A word about PLASMA, it is one of the four fundamental states of matter (plasma, gas, liquid, and solid). But plasma does not occur naturally on earth. It takes an electrical current or a strong magnetic field in a vacuum to strip or add electrons from an inert gas to place the molecules in the “Ionized” state, charged particular = plasma.  When these forces are removed the “freed” electrons emit light returning, and the molecule reclaims its normal state. However, plasma is familiar to us as in neon light tubes, the Northern lights in the sky, plasma TV or the “free” nitrogen released during a lightning strike.

When welding with a plasma beam (which is like a little rocket engine), the chamber inside the torch forms a vacuum heating the inert plasma gas that expands. The hot plasma ions gas rushes out the nozzle and can be precisely aimed. Because all this takes place inside the nozzle, there is no need for a vacuum chamber to produce the plasma state of the inert gas.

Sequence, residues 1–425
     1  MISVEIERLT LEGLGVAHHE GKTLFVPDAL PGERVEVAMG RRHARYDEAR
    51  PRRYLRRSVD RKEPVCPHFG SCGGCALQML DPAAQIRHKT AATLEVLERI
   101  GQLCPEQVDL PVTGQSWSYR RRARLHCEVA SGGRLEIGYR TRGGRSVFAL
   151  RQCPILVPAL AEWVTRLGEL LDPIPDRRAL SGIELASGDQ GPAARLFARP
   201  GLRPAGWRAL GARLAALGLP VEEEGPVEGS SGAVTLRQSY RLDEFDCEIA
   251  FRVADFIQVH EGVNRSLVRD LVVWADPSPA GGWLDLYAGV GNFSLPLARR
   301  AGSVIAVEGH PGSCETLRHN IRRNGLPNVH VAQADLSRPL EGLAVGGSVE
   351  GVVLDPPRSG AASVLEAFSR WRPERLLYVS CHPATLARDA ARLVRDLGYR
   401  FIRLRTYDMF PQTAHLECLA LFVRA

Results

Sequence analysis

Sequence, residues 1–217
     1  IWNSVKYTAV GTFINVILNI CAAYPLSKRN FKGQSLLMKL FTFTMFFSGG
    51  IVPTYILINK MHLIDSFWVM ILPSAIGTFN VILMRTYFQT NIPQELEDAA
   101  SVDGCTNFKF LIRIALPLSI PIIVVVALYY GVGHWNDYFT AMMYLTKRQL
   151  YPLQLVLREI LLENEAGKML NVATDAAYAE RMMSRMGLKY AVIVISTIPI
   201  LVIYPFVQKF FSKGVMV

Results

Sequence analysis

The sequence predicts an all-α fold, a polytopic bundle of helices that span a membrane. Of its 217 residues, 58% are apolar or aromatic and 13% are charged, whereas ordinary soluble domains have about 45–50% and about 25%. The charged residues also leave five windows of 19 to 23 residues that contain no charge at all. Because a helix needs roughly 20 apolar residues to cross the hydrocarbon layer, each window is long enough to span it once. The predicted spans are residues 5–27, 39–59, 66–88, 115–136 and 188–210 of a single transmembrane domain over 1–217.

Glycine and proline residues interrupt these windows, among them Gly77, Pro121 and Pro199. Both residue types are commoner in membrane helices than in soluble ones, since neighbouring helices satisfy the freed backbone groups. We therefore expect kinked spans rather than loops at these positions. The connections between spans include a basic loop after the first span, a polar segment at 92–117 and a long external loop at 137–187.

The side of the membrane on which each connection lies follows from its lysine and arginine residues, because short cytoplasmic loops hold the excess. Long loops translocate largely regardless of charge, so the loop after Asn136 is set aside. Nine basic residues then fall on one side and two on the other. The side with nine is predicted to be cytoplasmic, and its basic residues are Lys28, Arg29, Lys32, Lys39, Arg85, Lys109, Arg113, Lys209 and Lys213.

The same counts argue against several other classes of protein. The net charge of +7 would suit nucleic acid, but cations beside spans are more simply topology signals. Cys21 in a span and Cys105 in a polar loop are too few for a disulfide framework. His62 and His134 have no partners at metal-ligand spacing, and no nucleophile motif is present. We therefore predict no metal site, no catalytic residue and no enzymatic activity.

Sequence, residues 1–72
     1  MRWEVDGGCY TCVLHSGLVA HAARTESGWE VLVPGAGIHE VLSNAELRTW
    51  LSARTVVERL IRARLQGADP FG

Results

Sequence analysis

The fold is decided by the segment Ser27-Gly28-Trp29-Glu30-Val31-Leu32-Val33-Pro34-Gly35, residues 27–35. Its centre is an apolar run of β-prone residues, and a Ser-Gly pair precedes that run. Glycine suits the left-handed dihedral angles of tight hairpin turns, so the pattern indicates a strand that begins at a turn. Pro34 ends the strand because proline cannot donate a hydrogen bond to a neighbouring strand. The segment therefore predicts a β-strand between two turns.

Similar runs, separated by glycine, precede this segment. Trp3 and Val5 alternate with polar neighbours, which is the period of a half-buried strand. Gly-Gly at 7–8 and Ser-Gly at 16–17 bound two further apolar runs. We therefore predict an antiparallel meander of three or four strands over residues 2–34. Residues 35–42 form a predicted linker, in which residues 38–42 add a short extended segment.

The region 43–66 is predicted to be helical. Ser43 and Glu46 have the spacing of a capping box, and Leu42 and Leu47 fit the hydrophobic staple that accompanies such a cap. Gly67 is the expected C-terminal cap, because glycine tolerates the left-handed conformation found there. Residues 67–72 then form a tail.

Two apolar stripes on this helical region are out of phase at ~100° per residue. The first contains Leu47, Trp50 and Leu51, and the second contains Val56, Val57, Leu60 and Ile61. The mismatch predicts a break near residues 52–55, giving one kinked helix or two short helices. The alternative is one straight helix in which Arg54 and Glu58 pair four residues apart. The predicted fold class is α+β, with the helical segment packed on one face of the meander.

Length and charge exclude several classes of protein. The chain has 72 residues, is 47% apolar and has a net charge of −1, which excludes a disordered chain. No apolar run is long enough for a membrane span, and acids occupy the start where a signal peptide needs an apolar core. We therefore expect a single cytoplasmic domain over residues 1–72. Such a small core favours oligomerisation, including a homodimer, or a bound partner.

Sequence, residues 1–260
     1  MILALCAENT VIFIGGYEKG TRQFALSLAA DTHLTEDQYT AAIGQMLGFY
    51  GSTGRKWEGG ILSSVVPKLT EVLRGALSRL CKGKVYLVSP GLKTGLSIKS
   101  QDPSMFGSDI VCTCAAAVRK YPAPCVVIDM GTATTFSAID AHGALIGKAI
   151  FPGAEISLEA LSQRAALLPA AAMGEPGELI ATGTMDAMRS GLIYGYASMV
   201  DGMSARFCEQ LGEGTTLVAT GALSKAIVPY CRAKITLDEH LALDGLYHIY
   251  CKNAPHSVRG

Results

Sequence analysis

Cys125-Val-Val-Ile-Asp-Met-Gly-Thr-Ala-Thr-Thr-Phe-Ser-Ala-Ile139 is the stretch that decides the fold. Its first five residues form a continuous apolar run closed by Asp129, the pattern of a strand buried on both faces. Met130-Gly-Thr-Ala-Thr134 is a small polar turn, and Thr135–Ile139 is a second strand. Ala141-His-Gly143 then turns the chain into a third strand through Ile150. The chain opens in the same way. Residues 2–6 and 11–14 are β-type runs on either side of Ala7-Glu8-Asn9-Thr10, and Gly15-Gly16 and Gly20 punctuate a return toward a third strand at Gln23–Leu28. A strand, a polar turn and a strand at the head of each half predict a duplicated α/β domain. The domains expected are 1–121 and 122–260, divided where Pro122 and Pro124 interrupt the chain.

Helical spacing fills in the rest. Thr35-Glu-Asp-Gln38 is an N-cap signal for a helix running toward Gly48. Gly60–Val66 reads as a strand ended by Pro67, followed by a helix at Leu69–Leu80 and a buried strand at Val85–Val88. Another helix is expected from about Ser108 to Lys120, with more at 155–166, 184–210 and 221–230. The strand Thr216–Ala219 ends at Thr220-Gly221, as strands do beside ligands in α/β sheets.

The process of building up steel by welding has been around for a while, in 1926, Baker-patented the use of depositing molten metal in superimposed layers to build-up objects. We all have seen multi passes welds on weldment to achieve the necessary strength in the structure.

World’s First 88-ton AM Duplex Hook

The Huisman Company, Netherlands accomplished the manufacturing and load testing of an 88-ton
Duplex Port Crane hook using a 3D printing technique. Termed “Wire & Arc Additive Manufacturing” (WAAM) process which utilizing a wire feed and plasma Arc to produce the midsize hook. WAAM process of Manufacturing is in some sense – special. The directions to the robot wheeling the Arc welder are the same as those in numbers 1 and 2 above. In step 3, the layering of the hook utilizes the Arc and Wire feed welding process which is hotter (10,000 to 20,000 degrees c) than carbon arc or laser to build-up the hook. This allows stronger materials to be used.